In situations where it is infeasible or impracticable to quantify something in the form of a discrete count or a value in specific units, comparative or relative measures are a useful alternative. They are better than not measuring at all, and in some cases easier to comprehend and more useful in a practical sense. In this respect, we disagree with those in the field who fervently insist that all metrics must be expressed as numbers of units (e.g. "20 centimetres"). It seems to us "A bit longer than a pencil", while obviously imprecise, might be a perfectly legitimate and helpful measure of something (regardless of what that thing might be - a cut on your arm for instance).
Cardinal numbers and units of measure have their place, of course, but so do ordinals, comparatives and even highly subjective measures - all the way down to sheer guesswork (and, yes, 'down to' itself implies a comparative value). Douglas Hubbard's "How To Measure Anything" is an excellent, throught-provoking treatise on this very subject.
In information security, comparisons or relations can provide answers to entirely valid and worthwhile questions such as:
- Are we more or less secure than our peers?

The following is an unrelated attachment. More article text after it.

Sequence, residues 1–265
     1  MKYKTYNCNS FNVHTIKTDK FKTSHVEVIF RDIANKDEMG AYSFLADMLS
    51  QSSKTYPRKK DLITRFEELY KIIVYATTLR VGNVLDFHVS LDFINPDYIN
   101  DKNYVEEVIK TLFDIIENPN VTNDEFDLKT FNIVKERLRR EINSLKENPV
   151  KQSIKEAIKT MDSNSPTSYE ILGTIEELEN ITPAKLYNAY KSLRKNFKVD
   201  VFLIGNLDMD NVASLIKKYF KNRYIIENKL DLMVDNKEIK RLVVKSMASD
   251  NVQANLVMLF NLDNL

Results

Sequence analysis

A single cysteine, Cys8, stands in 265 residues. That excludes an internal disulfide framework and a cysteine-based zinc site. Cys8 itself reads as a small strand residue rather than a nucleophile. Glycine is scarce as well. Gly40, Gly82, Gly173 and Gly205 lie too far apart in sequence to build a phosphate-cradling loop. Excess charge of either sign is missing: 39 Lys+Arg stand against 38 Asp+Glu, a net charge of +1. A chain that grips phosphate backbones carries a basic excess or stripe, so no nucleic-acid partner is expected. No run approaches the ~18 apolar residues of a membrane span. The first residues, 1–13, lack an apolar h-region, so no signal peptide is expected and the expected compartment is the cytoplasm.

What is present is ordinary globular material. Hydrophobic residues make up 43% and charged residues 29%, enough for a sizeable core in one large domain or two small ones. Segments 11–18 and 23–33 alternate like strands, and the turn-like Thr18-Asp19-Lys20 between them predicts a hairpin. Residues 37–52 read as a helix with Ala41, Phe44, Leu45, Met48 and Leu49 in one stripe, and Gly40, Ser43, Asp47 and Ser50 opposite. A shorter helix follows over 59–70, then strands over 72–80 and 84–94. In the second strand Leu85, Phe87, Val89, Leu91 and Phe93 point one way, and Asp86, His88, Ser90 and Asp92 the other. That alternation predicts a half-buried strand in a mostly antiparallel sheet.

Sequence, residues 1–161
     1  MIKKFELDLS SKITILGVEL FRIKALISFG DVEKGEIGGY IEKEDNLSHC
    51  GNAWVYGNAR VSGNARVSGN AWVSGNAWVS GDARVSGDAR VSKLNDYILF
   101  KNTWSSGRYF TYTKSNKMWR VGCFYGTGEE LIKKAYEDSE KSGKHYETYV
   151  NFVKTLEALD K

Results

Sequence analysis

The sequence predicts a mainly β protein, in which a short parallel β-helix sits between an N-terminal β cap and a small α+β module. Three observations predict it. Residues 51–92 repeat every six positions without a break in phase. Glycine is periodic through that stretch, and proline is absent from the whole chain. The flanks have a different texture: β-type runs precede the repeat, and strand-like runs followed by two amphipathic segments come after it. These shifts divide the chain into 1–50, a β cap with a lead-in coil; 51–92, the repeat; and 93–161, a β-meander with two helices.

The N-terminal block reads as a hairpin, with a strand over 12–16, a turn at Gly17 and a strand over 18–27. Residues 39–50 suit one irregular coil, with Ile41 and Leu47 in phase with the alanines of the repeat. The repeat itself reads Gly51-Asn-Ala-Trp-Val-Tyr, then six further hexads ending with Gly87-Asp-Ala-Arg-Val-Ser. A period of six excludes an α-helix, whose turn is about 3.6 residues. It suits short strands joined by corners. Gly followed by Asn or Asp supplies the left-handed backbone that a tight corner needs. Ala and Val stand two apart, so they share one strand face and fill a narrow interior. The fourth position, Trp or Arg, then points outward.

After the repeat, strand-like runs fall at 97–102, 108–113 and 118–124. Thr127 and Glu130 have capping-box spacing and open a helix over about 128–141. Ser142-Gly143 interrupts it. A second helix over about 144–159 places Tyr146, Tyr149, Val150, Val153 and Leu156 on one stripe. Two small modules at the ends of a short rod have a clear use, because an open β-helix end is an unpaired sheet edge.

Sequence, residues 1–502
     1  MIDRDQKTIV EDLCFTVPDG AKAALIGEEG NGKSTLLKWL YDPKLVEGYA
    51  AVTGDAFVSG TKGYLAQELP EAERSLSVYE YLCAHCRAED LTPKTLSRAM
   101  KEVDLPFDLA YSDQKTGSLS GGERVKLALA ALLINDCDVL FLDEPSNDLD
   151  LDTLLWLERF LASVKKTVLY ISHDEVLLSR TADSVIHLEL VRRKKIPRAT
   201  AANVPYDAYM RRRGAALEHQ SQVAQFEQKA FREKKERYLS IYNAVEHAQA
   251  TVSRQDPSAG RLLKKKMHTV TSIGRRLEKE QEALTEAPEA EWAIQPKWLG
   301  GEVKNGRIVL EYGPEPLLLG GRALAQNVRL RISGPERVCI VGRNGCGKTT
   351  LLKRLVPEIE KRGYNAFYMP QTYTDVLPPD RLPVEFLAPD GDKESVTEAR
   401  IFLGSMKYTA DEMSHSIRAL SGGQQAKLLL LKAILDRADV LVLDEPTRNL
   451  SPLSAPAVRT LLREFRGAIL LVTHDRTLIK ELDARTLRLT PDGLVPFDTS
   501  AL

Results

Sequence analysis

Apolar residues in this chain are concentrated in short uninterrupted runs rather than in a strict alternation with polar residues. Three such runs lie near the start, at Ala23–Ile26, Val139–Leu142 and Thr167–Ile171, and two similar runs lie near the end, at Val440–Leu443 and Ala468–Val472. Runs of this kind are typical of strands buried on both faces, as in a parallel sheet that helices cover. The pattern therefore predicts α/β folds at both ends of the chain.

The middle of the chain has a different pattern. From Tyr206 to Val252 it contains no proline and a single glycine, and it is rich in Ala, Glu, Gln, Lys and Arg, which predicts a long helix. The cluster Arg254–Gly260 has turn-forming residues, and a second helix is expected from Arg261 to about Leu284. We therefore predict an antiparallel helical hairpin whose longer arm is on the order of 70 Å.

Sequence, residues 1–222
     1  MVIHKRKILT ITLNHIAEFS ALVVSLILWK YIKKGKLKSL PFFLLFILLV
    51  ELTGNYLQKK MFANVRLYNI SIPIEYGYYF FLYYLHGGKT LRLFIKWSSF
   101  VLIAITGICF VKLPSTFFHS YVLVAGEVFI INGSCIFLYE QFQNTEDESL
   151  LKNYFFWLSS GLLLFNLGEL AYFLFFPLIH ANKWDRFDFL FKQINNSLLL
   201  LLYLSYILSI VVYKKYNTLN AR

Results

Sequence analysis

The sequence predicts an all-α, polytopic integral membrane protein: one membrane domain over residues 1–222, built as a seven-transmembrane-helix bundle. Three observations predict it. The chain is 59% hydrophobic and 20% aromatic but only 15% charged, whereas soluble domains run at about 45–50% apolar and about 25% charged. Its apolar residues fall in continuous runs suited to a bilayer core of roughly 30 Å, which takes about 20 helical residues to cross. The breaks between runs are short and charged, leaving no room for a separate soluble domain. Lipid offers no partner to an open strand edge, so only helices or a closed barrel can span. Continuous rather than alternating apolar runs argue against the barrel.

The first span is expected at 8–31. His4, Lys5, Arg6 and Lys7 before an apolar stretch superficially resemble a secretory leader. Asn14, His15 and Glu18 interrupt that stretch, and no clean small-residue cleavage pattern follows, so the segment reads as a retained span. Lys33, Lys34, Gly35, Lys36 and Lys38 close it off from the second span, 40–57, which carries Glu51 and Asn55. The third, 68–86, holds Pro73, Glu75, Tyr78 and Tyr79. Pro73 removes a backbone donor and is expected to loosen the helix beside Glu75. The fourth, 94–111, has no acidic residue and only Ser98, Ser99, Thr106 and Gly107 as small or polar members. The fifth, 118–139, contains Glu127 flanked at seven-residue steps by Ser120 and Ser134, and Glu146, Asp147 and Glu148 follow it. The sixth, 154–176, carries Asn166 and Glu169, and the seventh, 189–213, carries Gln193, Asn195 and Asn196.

- Are we getting more or less secure over time?
- If we both sustain our present rate of change, how long will it be before we'll surpass our competitors' level of information security?
- Are our information risks increasing or decreasing?
- Which are our strongest and weakest areas or aspects of security?
- Of all the myriad changes currently occuring in information security, what are the most worrying trends?
- Does information risk X fall within or exceed our risk appetite or tolerance?
- Which business unit, function, department or site is the most/least vulnerable?
- Are we spending too little, about the right amount, or too much on information security
As part of an information security awareness case study on 'the Sony hack', a management discussion paper describes three types of comparative security metrics with several examples of each.